In solid materials, when an electron changes position without another to fill its place, a positively charged ‘hole’ can appear which is attracted to the original electron.
In more complex situations, the process can even result in stable clusters of multiple electrons and holes, whose behaviours all depend on each other.
Strangely, the masses of each particle inside a cluster can be different to their masses when they are on their own. However, physicists aren’t yet entirely clear how these mass variations can affect the overall properties of clusters in real solids.
Through a study published in EPJ B, Alexei Frolov at the University of Western Ontario, Canada, reveals that the behaviour of one type of three-particle cluster displays a distinct relationship with the ratio between the masses of its particles.
Clusters of electrons and holes are already known to affect the absorption of light by semiconductors, which are now key components of many modern technologies.
Frolov’s research could significantly improve our understanding of these important materials, and it may also enable researchers to better explain smaller details in their optical and infrared spectra.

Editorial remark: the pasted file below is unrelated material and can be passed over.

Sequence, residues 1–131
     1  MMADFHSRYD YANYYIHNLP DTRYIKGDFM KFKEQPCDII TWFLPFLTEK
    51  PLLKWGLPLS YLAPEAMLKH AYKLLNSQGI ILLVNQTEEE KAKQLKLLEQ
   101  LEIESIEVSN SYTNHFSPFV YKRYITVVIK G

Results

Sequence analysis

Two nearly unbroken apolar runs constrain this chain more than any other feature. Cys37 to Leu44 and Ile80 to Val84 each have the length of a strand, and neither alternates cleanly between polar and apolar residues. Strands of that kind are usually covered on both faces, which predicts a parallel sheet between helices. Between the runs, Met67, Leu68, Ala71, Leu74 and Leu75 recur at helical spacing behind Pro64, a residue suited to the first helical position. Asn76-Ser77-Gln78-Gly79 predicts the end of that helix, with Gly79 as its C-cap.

In his study, Frolov considered a cluster containing two electrons with ordinary masses, and one hole which could vary between one and two electron masses. Through his calculations, distinctive behaviours emerged which displayed clear relationships with the ratio between the mass of this heavier hole, and that of each lighter electron.
Frolov based his calculations around the principles of quantum mechanics, which he used to derive a series of formulas to describe the mass dependence of three-particle clusters extremely accurately. He now hopes that these formulas could be modified to describe clusters containing four or more particles with varying masses. If achieved, this would create new opportunities to understand and fine-tune the properties of real semiconductors in future research.